Sunday, October 19, 2008

Relating the three books...

It is obvious that we read these three books in a manner, in which we could analyze the three different perspectives on what happened in the history of the new world. It is important to be aware of the different attitudes towards the same history, and to realize how three different authors related to a monumental time in history. After analyzing the many perspectives, I have a better understanding of what happened and how each side dealt with the confusion. It seems to me that at this time, there would have been a lot of confusion amongst the Europeans, more specifically, the Spanish, and also the Indigenous people of America. The common theme of these books is the search for identity. Figuring out where they belong in the world, in which there are two very separate cultures have come together. For example, the Europeans identified themselves, at the time through religion, which is a theme in all three texts also. More importantly, the books explore the relationship between these two cultures.
The Europeans came to America with different missions. First, to look for resources and advancements, secondly, to take over what they believed, were inferior subjects. The conquest, in my opinion, was only one of the goals for the Spanish travelers. Naufragios by Cabeza de Vaca describes the feelings and attitudes of the Europeans towards the Indians. It captures the prejudice and stereotypical perspective and the reasons behind the violence and injustice. The inhumane behaviour towards the Indians was a result of their fear and confusion. For instance, the main event in the book is a storm with the intensity that simply was not experienced by the Europeans.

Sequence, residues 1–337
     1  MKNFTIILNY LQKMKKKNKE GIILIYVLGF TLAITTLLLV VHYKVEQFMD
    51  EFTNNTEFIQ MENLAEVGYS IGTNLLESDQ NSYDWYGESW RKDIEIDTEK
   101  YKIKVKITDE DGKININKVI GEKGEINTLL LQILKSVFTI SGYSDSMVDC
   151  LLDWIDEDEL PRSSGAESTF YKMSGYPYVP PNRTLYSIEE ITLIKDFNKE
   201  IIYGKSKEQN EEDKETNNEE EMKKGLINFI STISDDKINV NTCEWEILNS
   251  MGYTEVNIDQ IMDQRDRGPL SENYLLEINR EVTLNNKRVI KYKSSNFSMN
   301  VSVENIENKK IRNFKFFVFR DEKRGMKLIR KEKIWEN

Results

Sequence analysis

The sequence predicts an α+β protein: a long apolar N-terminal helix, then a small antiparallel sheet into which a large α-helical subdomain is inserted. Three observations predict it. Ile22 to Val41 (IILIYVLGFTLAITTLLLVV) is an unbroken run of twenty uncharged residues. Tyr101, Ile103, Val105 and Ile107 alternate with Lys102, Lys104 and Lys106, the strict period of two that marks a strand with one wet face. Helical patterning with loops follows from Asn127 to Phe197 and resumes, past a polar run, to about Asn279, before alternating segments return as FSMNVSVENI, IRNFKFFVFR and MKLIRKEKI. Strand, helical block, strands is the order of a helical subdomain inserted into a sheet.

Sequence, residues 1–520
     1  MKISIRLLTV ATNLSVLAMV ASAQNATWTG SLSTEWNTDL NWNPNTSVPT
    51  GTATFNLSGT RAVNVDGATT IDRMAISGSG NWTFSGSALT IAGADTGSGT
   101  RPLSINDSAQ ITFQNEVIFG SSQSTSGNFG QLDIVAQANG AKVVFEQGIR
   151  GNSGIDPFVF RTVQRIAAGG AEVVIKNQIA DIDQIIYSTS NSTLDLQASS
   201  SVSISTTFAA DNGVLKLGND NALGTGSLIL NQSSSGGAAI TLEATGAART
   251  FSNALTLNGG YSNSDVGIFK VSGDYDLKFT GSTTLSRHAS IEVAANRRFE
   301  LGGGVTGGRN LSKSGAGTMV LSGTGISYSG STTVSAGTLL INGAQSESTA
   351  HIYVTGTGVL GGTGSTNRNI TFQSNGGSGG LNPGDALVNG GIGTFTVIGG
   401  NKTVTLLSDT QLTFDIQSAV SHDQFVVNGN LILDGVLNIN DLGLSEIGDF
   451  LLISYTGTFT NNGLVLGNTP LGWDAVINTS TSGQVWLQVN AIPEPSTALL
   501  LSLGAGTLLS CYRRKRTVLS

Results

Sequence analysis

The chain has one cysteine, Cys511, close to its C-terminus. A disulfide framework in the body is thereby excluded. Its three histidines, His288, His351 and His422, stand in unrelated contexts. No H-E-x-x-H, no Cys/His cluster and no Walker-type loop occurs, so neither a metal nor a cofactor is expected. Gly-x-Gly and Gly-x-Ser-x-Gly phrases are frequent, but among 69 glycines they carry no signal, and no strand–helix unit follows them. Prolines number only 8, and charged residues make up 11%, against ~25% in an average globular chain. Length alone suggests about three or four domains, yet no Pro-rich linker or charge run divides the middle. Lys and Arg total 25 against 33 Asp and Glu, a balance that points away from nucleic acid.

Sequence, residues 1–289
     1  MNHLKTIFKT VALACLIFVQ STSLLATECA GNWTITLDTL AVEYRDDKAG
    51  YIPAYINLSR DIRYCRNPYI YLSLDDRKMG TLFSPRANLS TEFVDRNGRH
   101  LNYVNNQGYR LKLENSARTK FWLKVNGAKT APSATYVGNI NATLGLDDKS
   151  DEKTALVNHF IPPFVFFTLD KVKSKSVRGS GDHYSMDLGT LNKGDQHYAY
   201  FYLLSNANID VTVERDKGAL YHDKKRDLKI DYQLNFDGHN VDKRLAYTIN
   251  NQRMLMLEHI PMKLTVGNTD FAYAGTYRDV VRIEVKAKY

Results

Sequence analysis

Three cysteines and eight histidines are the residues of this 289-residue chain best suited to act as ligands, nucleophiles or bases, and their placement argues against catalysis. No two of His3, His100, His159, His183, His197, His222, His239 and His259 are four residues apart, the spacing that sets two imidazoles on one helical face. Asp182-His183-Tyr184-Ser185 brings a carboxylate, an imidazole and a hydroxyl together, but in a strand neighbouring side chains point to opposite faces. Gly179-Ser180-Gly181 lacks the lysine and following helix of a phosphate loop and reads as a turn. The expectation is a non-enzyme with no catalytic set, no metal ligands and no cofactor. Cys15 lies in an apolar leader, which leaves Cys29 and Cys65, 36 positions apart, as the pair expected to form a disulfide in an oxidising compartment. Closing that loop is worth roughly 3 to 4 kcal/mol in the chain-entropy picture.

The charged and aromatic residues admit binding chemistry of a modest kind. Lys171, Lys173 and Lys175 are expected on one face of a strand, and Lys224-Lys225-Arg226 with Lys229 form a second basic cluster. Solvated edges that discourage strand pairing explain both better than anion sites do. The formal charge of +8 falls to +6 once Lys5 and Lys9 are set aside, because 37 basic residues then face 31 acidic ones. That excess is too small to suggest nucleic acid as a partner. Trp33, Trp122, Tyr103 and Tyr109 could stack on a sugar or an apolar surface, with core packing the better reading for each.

Las Casas, on the other hand, although from Spain and highly religious, wrote on behalf of the Indians. He fought for the rights of the indigenous people of the new world. He described the inhumane and unjust behaviour of his own people. However, he still believed that they were obedient people, and would voluntarily give up their own culture and adapt to the European lifestyle and become subjects of the king. Las Casas point of view on the situation were very idealistic.
Comentarios Reales by Garcilaso de la Vega, to me best captures the themes discussed in the course. He was born to a Spanish father, and a Peruvian mother. He is the ideal author to write about the history of the Americas. He was born in Peru, and so the first half of the book, describes in detail, the culture of the Incas, and their life before the conquest. He talks about the rise of the empire and the fall (in the second part). But the most interesting theme is the search for Identity. What defines the American, or the Spanish, and more importantly a Mestizo?

No comments: